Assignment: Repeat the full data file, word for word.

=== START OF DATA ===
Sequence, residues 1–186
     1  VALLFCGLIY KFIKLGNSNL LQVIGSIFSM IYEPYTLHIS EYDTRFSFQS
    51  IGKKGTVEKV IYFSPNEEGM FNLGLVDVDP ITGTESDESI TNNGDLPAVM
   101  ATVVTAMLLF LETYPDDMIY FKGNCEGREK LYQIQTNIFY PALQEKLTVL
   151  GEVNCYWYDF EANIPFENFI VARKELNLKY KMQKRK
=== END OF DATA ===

Sequence, residues 1–186
     1  VALLFCGLIY KFIKLGNSNL LQVIGSIFSM IYEPYTLHIS EYDTRFSFQS
    51  IGKKGTVEKV IYFSPNEEGM FNLGLVDVDP ITGTESDESI TNNGDLPAVM
   101  ATVVTAMLLF LETYPDDMIY FKGNCEGREK LYQIQTNIFY PALQEKLTVL
   151  GEVNCYWYDF EANIPFENFI VARKELNLKY KMQKRK